Spring has arrived (finally in Michigan) and with it comes lovely vegetables like asparagus. Over the years this green spear has grown on me tremendously. So what makes this veggie so great? Here are the nutrition facts, and great preparation ideas!
As with most non-starchy vegetables, there are barely any calories in an average serving. Each spear has a measly 4 calories. Even though it is so low on calories, it is packed with healthful nutrients. A 5.3 ounce serving has 3 grams of fiber (about one tenth of the daily recommendation.) Folic acid is abundant in asparagus; each serving has about 60% the daily recommended value. Asparagus is one of the best sources for the antioxidant glutathione, which is involved with cancer prevention and DNA synthesis.
Storage and Preparation Tips
Asparagus can be stir-fried, boiled, microwaved, grilled, steamed, or cooked any other way you like it. The preparation time ranges from four to eight minutes depending on cooking method, desired tenderness, and diameter of spears. For best quality asparagus, clean and dry spears and keep in refrigerator for two to three days after picking. To maintain firmness and freshness keep ends in about two inches of water or wrap in moist paper towel (same can be done for celery.)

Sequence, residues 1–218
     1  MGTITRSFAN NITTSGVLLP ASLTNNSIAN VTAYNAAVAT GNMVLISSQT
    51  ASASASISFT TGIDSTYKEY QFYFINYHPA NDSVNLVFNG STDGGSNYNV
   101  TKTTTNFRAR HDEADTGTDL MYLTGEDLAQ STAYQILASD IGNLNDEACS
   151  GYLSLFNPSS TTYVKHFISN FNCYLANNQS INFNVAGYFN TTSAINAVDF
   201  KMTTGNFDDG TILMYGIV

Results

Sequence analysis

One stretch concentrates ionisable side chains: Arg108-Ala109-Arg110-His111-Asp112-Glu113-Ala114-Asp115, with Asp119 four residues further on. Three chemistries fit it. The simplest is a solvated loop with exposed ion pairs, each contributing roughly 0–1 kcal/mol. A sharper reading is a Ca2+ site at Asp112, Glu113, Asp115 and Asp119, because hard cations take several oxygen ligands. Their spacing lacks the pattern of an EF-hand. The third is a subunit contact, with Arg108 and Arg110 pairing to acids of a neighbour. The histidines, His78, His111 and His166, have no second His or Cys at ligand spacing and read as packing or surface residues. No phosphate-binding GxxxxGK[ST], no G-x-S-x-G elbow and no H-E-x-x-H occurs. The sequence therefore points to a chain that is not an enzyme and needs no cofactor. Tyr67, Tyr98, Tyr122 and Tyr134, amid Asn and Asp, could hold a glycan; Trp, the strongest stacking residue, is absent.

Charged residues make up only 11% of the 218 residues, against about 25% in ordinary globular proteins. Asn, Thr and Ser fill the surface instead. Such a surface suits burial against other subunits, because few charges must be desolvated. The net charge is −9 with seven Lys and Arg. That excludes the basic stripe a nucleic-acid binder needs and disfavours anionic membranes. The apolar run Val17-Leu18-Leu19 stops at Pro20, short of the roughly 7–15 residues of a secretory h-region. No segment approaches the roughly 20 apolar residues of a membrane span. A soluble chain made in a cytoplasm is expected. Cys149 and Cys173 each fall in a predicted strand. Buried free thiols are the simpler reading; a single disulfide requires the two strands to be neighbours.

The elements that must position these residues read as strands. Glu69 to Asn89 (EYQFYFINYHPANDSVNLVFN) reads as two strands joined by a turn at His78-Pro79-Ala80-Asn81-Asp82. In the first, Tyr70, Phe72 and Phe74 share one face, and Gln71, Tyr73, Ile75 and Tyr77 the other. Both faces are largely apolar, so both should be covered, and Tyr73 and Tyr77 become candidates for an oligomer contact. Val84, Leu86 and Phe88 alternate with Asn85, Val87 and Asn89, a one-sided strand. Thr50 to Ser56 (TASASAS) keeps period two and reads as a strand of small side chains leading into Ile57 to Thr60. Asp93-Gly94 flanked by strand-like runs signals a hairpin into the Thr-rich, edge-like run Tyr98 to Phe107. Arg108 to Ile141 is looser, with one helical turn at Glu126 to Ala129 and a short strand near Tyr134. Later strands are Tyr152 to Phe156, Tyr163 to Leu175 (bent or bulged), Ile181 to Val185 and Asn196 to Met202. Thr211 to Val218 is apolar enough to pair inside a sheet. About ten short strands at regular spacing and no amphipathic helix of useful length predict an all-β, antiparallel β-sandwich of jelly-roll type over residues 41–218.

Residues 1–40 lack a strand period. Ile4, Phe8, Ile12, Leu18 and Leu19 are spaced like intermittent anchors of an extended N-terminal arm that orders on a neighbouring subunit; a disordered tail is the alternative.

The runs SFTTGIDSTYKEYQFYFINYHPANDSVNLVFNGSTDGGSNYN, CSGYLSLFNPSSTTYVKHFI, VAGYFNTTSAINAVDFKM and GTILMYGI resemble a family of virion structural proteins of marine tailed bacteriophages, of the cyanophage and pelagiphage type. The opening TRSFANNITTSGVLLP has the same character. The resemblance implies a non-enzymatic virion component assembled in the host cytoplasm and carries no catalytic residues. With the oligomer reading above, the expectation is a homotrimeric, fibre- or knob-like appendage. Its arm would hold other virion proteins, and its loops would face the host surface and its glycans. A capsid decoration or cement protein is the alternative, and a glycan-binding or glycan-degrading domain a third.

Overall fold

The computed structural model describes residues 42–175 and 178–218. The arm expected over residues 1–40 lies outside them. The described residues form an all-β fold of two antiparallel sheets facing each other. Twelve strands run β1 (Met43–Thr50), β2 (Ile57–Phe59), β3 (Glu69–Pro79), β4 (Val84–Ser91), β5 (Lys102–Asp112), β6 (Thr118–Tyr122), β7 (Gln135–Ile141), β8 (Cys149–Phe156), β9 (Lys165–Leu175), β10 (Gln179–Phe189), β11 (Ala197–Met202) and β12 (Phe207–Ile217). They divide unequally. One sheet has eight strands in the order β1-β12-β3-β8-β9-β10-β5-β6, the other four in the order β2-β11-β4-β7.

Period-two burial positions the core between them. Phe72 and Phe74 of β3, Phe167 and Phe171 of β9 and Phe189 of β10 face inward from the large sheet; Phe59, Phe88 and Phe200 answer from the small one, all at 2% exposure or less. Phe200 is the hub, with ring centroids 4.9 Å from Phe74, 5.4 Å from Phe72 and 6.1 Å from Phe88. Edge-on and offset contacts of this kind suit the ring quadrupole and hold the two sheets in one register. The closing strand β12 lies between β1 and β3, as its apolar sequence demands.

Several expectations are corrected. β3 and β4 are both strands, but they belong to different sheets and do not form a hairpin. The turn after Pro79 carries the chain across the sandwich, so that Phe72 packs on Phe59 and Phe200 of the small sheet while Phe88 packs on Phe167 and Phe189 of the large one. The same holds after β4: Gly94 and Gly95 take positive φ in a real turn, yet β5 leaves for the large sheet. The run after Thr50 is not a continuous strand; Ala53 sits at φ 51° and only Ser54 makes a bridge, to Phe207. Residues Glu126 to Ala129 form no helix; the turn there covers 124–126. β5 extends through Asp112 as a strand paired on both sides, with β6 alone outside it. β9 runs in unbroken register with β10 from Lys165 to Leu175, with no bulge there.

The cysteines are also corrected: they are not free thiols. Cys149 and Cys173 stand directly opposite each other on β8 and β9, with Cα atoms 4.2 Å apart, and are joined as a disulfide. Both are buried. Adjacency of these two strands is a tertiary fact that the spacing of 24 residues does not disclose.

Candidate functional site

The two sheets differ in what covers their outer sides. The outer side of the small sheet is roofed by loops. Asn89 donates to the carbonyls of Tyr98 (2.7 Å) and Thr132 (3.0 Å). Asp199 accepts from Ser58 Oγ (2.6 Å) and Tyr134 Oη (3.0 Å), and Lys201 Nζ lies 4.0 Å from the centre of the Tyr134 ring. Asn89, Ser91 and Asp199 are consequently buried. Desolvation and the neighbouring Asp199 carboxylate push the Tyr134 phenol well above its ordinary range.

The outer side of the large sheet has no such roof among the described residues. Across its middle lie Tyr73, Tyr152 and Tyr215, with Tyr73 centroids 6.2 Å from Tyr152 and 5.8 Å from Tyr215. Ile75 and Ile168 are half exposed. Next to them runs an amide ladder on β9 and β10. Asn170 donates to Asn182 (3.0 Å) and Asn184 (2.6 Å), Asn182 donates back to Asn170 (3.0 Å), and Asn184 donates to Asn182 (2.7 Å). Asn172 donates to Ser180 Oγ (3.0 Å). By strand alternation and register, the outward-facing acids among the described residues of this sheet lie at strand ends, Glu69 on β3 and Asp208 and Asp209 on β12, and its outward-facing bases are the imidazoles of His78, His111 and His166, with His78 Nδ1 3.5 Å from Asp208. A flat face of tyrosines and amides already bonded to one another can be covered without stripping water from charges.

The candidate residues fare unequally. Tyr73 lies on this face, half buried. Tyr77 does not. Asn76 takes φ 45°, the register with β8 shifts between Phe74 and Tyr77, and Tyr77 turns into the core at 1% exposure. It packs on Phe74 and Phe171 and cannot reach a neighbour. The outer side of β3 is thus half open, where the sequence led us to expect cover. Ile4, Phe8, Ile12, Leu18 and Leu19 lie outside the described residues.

Trim the bottom ends of the asparagus off. Wash and dry spears well. Place in a container that can be sealed tightly. Add olive oil to coat spears lightly. Use the juice of one half (or whole) lemon, depending on volume of asparagus used. Careful, the acid from the lemon juice could turn your veggie from bright green to brown (the taste will not be that different, but food should be appealing!) Place spears on a medium high heated grill. Turn occasionally to prevent burning. I like to grill my spears until they are crispy on the outside and tender in the center. Since the sun is finally out here in Michigan, I know what I am making for dinner tonight!
NOTE: Nutrition recommendations vary based on age, sex, weight, and medical condition. Check the USDA website for specifics.
Image Credit to Creative Commons user: Esteban Cavrico